Everyday Humanist Hero: Matthew DeGrave

Matthew DeGrave

Everyday Humanist Heroes, a new series in the American Humanist Association’s weekly digital newsletter, celebrates our movement’s group organizers, activists, support staff, and volunteers making a difference in their communities. Who do you want to celebrate? Email the magazine at editor@thehumanist.com to tell us about them.

Heroes don’t always wear capes but, when they’re part of local humanist groups, they often wear many hats. Matthew DeGrave, the organizer of the Southeastern Virginia Atheists, Skeptics, & Humanists (SEVASH), a chapter of the American Humanist Association (AHA), is a perfect example. He contributes to their Free Food Pantry project, is an active member of their Legislative Action Team, and has represented humanists with an invocation during local city council meetings. He’s also the new Treasurer of the regional Washington Area Secular Humanists (WASH).

“Despite the amount of work ahead of us, Matthew maintains a cool demeanor and steel resolve,” said WASH President and fellow SEVASH organizer Aiden Barnes. “He’s been an inspiration to me on how to approach challenges without resorting to overly emotionally-charged rhetoric, even though we’re all emotionally and psychologically drained from the constant attacks on our secular worldview.”

With the SEVASH Legislative Action Team, DeGrave is currently tracking and lobbying on over forty bills relevant to secular interests in the Commonwealth of Virginia. “Some of the bills are steps in the right direction, like HB605 in Virginia, which seeks to remove the prohibition on same-sex marriage from the Virginia constitution,” he explained. “Unfortunately, there are quite a few bad bills that we are tracking from major steps back on abortion rights (like HB212 and HB1274), to discrimination against trans-students (SB766, HB988).” The team sends action alerts to group members and partner organizations to address bills coming up to committee. Last year, DeGrave was able to speak to a sub-committee to support a ban on religious organizations being allowed to discriminate against couples trying to adopt children.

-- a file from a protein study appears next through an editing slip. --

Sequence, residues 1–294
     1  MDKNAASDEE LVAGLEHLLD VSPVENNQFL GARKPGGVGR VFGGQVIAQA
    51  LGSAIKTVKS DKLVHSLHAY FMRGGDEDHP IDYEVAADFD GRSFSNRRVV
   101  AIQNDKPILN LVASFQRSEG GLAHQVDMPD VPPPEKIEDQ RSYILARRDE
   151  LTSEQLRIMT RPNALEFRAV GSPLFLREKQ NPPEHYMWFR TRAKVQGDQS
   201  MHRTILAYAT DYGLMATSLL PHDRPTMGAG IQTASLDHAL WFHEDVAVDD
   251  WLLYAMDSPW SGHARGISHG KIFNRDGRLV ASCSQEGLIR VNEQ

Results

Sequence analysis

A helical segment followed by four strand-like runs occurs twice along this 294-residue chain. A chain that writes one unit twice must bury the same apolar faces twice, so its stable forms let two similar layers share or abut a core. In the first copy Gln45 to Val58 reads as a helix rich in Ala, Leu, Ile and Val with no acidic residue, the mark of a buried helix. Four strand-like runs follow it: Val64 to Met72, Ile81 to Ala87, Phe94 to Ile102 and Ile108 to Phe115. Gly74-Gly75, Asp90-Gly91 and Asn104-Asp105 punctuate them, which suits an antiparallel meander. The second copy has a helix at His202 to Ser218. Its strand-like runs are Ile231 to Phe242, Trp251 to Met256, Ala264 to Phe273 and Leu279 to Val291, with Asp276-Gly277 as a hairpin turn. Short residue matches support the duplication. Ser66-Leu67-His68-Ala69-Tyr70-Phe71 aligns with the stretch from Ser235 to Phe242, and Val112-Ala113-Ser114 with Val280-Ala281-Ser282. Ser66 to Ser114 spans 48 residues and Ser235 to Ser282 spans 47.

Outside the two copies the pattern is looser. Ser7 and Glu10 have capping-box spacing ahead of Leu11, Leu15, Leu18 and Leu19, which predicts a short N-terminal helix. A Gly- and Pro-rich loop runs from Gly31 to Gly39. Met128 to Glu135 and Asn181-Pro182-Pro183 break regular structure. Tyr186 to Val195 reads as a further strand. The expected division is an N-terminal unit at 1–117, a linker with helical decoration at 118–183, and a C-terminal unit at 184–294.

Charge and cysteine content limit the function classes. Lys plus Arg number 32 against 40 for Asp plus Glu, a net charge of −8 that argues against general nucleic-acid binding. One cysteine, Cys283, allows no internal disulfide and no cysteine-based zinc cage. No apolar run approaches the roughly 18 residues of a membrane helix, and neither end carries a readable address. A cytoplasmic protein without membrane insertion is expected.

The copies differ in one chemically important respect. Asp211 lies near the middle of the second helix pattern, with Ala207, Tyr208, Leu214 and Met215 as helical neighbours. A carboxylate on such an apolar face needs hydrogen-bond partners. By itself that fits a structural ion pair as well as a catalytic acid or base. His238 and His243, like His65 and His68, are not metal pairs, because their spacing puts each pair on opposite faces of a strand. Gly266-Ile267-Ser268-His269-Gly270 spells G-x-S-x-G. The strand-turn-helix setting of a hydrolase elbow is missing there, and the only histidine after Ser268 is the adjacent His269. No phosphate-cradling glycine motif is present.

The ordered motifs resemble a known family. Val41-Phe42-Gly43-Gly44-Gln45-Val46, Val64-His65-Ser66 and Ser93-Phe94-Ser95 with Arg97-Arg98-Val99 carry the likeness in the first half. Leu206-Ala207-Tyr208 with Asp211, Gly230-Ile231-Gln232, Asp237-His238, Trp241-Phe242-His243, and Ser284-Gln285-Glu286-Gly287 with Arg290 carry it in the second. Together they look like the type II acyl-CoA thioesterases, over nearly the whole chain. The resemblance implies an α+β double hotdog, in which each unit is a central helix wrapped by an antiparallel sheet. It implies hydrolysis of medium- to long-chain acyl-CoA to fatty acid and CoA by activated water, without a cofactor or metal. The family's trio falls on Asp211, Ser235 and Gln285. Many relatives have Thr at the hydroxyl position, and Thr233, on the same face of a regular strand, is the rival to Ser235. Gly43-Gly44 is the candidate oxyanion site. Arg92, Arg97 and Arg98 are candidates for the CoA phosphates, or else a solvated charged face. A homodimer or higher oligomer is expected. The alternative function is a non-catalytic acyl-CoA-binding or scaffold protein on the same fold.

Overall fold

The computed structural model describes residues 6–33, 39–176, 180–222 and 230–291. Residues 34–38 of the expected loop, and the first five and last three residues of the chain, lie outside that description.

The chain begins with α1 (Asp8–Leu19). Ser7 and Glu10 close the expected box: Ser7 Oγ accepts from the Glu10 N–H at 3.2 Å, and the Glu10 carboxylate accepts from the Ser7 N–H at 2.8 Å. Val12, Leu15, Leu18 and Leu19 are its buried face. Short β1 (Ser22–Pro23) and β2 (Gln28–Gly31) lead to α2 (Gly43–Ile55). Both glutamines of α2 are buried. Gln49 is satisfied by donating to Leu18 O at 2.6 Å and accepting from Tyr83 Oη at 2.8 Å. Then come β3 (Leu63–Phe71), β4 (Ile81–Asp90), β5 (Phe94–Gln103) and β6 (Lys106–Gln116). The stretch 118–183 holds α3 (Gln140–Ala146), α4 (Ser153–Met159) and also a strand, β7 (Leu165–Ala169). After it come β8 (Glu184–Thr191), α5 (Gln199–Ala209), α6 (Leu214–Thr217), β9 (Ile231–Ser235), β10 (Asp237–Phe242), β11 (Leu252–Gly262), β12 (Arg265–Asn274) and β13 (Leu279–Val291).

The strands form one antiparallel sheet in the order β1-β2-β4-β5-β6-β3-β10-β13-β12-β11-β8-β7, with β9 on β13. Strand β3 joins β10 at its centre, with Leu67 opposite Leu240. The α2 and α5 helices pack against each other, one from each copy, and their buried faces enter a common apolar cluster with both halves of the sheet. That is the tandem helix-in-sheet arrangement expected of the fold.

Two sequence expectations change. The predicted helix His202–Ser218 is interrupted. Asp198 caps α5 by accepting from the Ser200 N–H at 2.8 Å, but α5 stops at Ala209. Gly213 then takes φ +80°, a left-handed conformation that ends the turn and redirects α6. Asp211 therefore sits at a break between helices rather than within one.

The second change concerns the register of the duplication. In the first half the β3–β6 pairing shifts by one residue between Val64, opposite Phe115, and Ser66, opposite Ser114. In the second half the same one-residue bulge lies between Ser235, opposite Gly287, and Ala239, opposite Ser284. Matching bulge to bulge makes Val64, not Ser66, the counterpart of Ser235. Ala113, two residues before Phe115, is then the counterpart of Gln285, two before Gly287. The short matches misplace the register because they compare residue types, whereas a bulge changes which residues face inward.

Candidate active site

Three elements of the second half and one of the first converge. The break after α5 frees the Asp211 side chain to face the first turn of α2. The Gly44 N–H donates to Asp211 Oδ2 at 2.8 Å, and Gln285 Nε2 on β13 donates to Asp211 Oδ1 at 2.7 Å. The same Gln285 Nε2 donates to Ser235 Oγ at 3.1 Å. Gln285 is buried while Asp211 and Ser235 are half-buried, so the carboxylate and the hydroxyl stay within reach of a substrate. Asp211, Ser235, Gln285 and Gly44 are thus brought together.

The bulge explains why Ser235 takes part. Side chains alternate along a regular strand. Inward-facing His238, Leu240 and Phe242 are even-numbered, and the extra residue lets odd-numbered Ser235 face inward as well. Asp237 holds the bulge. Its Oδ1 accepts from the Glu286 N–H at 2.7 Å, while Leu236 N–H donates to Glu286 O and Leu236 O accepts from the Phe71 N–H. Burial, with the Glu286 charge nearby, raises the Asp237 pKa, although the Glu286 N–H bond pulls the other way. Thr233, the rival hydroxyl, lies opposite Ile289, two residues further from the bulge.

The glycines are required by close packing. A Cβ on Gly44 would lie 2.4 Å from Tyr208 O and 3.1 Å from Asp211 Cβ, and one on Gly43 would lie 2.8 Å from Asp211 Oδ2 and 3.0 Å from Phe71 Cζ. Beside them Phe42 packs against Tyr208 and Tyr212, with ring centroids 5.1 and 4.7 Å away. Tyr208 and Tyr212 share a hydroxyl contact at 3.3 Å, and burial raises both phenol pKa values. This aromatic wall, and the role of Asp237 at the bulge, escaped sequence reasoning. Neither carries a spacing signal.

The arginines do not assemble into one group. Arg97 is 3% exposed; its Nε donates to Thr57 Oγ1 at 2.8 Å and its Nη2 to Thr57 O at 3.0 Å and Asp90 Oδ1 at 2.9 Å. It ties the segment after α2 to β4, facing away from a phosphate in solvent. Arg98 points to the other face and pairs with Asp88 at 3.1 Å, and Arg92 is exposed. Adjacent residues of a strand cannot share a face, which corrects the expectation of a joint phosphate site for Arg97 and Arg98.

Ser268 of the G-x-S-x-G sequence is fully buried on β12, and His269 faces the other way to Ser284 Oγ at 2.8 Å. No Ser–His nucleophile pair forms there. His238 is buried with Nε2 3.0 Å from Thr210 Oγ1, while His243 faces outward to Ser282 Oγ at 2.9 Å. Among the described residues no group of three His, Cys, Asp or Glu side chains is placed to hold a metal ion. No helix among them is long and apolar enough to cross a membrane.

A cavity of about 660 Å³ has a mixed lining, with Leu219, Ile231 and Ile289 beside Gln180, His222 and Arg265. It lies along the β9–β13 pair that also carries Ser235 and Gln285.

On July 13, 2021, DeGrave gave an important invocation, inspired by the AHA’s Ten Commitments, for the city council meeting for Newport News, VA. He said:

As this body convenes to do the business of the city, instead of lowering our heads in prayer, I suggest that we look ahead, with anticipation and enthusiasm, for the task set before us. To accomplish this let us use:

Altruism—Seek to alleviate the suffering and hardships of others with compassionate action. By caring for others around us and lifting each other up, we reinforce healthy connections and contribute to the betterment of our community, society, and the world.

Empathy—Empathy requires us to step outside of our own perspective to consider someone else’s thoughts, feelings, or circumstances from that person’s point of view.


Critical thinking—Thinking critically allows us to make sense of information presented and reason our way to good judgments and effective solutions to the problems we face while rigorously avoiding pitfalls like rationalization, conformity, and stereotyping.

Let us also cherish and celebrate our shared humanness, our shared capacity for reason and compassion, and our shared love for the people of Newport News. Let us root our decision-making process in these values that are relevant to all regardless of religious belief or nonbelief.

And finally, if I may borrow a little bit from Mayor Price,

May the actions that you take tonight uplift the city of Newport News.

“All the city employees were awesome and seemed genuinely happy for me to be there,” recalled DeGrave. So it was frustrating to later learn that Mayor McKinley Price had decided to block future humanist invocations because he believed that “an invocation required a belief in a higher power” and only one or two council members wanted to be more inclusive. DeGrave tried to push back and requested the council adopt a moment of silence instead to help center the council to conduct their business. (Other Virginia cities do a mix of nondenominational invocations and moments of silence).

DeGrave would love to support the humanist community with more invocations in the future and will always speak up for his values. “It is tiring but I really want my kids and their generation to have a better life. Honestly, I think that everyone wants the same thing. The problem is that, for certain groups, this means resisting any changes that even slightly appear to change or challenge the current status quo.”

Thanks to dedicated everyday humanist heroes like Matthew DeGrave, the humanist community is confidently looking ahead at the work that needs to be done to ensure a better life for future generations and not letting our challenges block our view.